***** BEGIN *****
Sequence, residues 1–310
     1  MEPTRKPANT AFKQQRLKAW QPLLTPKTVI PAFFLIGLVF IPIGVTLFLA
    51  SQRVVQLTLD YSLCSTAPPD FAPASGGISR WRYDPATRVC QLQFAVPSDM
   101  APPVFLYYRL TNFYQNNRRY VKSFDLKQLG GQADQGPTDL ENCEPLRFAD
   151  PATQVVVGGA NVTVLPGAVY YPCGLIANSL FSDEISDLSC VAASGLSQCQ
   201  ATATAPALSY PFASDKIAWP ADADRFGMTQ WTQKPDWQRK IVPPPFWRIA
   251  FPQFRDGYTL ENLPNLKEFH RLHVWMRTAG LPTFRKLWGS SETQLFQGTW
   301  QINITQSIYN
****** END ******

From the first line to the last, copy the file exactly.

Sequence, residues 1–310
     1  MEPTRKPANT AFKQQRLKAW QPLLTPKTVI PAFFLIGLVF IPIGVTLFLA
    51  SQRVVQLTLD YSLCSTAPPD FAPASGGISR WRYDPATRVC QLQFAVPSDM
   101  APPVFLYYRL TNFYQNNRRY VKSFDLKQLG GQADQGPTDL ENCEPLRFAD
   151  PATQVVVGGA NVTVLPGAVY YPCGLIANSL FSDEISDLSC VAASGLSQCQ
   201  ATATAPALSY PFASDKIAWP ADADRFGMTQ WTQKPDWQRK IVPPPFWRIA
   251  FPQFRDGYTL ENLPNLKEFH RLHVWMRTAG LPTFRKLWGS SETQLFQGTW
   301  QINITQSIYN